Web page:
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​A call centre is being set up in Moroka that aims to ease the entry of foreign investment into the country. Disabled people are being recruited for the facility.

The Department of Trade and Industry (DTI) is to open an investment call centre in Joburg's biggest township, Soweto, in a bid to accelerate the country's economic growth and augment foreign investment.

The call centre is part of the department's bigger plan to become a "one-stop shop". It will open towards the end of March and will work to reduce administrative and regulatory backlogs, while facilitating a smooth entry for foreign investors.

Establishing an investment call centre is prescribed in the government's Plan of Action, which is aimed at improving the country's investment climate and the cost of doing business.

It will be a 10-seater state-of-the-art call centre at the Cheshire Home in Moroka, in the west of Soweto, and will employ disabled people from the surrounding areas.

Recruitment is already under way at the DTI in Sunnyside, Tshwane, confirms Yunus Hoosen, the DTI's director for investment promotion. It will be completed by mid-February; once appointed, agents will be required to undergo a six-week training programme, he says.

Thereafter, they will be given one-year contracts, "with a possible permanent position". Because the call centre will be a permanent fixture, "there will be plenty of positive spinoffs for the local community" in the future.

Once the centre is up and running, agents will be able to register and monitor the processing of investment applications worth more than R100-million, track down investment enquiries and follow-up with clients on progress made, the DTI notes on its website.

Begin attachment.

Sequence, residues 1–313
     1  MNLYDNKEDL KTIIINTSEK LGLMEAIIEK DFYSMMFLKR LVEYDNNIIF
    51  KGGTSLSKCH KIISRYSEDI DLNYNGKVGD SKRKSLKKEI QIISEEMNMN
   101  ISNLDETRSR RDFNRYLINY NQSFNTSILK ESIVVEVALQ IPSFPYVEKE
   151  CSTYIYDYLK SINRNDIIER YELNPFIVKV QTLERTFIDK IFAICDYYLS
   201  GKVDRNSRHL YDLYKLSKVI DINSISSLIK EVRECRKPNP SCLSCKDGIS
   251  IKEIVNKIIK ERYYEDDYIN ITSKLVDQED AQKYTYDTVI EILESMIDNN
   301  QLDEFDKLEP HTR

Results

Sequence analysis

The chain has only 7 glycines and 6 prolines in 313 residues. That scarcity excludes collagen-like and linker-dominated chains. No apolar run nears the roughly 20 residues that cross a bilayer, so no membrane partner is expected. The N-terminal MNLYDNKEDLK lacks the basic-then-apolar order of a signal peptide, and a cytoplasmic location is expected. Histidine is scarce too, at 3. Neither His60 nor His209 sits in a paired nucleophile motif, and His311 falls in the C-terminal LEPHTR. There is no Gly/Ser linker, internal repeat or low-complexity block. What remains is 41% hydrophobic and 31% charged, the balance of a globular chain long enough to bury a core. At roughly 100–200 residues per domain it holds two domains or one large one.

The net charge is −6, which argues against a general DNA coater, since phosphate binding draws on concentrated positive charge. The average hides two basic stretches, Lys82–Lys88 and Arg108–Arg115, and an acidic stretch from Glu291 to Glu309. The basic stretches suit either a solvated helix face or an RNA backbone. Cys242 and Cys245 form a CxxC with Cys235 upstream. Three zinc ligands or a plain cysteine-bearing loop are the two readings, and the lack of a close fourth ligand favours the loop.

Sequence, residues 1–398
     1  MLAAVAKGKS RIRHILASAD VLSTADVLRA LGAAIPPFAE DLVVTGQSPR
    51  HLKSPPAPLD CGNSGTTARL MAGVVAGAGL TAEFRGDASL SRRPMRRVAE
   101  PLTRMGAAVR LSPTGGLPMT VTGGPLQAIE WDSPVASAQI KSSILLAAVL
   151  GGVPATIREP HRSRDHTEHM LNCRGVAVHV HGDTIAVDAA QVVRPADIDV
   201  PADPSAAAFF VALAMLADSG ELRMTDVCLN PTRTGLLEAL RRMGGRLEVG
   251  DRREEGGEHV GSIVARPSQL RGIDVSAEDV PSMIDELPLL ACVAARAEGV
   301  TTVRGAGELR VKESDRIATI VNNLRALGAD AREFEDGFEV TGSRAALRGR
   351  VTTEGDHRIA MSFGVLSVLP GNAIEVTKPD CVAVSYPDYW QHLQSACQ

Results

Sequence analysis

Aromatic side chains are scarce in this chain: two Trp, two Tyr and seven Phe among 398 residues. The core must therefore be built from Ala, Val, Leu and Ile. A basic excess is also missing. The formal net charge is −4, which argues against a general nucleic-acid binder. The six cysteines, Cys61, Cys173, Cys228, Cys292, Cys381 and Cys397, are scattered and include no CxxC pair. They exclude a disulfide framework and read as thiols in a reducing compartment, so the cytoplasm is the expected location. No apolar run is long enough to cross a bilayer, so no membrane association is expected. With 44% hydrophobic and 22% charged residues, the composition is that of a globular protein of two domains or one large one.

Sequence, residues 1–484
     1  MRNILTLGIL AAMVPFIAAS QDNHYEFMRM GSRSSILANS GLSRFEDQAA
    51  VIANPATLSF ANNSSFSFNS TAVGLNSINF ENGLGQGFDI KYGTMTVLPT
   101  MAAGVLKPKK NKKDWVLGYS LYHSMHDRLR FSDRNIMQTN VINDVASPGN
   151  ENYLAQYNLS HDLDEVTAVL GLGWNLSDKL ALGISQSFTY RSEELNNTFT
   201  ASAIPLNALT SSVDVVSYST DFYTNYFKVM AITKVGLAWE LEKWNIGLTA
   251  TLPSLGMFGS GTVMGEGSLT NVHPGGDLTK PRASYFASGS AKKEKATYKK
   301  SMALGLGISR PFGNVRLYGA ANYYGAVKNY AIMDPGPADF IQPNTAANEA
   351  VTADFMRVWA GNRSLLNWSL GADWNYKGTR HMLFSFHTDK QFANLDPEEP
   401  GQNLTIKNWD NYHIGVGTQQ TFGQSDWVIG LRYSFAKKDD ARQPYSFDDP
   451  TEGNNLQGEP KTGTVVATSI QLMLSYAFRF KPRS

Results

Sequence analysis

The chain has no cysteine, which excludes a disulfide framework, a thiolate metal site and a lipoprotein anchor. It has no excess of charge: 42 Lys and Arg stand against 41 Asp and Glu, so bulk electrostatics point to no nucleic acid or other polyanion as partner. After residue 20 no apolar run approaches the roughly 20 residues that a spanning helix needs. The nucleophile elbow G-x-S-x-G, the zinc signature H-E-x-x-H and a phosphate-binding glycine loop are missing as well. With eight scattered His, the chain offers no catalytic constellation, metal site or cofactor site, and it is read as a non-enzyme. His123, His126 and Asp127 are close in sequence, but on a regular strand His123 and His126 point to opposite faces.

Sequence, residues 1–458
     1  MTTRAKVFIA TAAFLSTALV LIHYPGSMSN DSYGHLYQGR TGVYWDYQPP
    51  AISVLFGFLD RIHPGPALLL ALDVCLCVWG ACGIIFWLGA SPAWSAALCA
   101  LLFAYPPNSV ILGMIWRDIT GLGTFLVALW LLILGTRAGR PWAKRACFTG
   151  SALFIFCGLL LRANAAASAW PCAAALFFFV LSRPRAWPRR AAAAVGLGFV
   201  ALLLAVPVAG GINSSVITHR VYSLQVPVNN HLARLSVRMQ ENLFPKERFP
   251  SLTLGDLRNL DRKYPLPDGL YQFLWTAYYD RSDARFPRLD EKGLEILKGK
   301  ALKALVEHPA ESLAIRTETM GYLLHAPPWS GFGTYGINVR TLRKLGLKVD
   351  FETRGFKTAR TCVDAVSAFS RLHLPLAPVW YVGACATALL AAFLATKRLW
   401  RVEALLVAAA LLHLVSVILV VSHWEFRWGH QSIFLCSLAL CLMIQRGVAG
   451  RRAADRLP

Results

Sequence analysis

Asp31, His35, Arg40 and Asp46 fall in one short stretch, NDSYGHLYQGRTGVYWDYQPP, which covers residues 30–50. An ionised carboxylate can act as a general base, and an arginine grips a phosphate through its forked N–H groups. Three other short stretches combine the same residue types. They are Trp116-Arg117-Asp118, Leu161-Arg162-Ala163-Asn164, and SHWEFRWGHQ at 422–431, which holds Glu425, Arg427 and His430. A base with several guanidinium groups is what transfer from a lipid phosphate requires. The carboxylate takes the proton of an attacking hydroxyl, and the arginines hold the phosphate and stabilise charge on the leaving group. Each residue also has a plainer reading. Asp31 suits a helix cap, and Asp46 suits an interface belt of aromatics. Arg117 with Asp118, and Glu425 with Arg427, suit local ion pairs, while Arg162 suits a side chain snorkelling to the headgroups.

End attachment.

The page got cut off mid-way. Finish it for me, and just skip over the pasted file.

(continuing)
Operational costs
Foreign investment is crucial to any country's economic growth. The call centre will help to reduce the cost of operations for international investors, in order to attract more foreign cash.

The department says it will work concertedly with Telkom, the telecommunications utility, in lowering the cost of telecommunications for foreign investors, and promote the sector through the creation of jobs.

In 2006, the cabinet approved a plan to adopt business process outsourcing (BPO) as a key industry for national development. Plans included the creation of a state incentive scheme for BPO; a particular focus was placed on the development of call centres.

The department was expected to spend over R2-billion on this scheme over three years in an effort to make South Africa the world's third-biggest BPO centre after India and the Philippines by December 2008.

The call centre industry is one of the high-potential sectors targeted by the government to augment the country's economy and create employment.

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